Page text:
“Torching Tiny Teddies” Energy Efficiency Experiment
Aim: To test the energy efficiency of a tiny teddy in kilojoules by burning the tiny teddy beneath a test tube of water. The water temperature is then measured to see how efficient the transformation of energy is. It is important to see how efficient the transformation is as it will give an indication to whether burning tiny teddies would be an efficient source of energy.
Hypothesis: It was hypothesised that the temperature would rise due to thermal energy being transformed via radiation. Also that the tiny teddy would not be an efficient source of energy as most of the energy would still be in the bear, and others would be lost through other forms such as heat ,light and sound energy.
- 1 boss clamp
- 1 test tube
- 1 boss head clamp
- 1 retort stand
- 1 heat mat
- 1 tiny teddy
- 1 thermometer
- 7mL of water
- 1 miniature stand
- 1 box of matches
1. All experimenters put on safety goggles, gloves and lab coats.
2. Set up retort stand on the heat mat, and attach the boss head clamp.
3. Fill test tube with 7mL water and place in the clamp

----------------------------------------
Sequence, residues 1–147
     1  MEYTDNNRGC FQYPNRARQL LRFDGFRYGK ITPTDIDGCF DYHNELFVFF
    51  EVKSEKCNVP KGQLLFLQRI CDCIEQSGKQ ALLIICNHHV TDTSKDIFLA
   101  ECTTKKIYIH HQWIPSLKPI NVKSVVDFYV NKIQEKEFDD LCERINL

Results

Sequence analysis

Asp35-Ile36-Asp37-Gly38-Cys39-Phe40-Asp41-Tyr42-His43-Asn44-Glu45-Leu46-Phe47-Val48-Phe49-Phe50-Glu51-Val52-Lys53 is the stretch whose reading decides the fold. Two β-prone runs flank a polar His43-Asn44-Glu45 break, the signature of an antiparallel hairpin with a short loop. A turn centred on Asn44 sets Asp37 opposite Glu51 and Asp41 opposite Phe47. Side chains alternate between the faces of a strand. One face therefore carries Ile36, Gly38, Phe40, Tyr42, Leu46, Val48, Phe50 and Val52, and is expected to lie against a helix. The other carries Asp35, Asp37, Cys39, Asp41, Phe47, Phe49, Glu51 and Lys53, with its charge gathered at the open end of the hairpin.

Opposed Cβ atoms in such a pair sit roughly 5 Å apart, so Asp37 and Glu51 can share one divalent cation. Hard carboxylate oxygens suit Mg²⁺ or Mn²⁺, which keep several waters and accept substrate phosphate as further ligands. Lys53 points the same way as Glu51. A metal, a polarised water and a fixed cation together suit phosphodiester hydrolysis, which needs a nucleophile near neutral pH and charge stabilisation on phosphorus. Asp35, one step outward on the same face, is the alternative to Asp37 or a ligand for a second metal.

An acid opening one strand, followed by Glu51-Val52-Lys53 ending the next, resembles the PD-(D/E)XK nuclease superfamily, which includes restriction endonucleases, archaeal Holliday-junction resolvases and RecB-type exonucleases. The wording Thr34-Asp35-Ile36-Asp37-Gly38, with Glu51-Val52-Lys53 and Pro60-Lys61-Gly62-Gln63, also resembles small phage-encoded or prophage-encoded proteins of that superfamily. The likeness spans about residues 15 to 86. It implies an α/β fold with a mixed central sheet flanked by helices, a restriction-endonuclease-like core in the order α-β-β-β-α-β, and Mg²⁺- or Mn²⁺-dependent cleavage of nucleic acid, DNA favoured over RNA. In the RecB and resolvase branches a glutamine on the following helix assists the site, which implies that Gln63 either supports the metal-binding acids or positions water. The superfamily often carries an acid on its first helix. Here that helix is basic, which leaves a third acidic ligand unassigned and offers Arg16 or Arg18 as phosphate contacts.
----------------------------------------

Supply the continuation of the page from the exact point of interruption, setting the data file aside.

4. Record the mass of the teddy bear and the energy in the teddy bear (per 100g and in KJ)
5. Put teddy on the miniature stand, and adjust the boss head clamp so that the test tube is 1cm away from the tiny teddy
6. Measure the temperature of the water using the thermometer and record the results
7. Light the tiny teddy using matches until the bear is burning
8. Once the tiny teddy stops burning, record the temperature of the water using the thermometer (swirl the water so it evens out).
Using the temperature change we can calculate how much thermal energy was transferred into the water. The change in temperature was a difference of 14’C, from 26’C to 40’C. Therefore to rise 1mL of water by 14’C you need 58.16J.
( 14’C X 4.18J = 58.16J )
To rise 7mL of water by 14’C you need 407.12J, which creates the total energy that’s gone into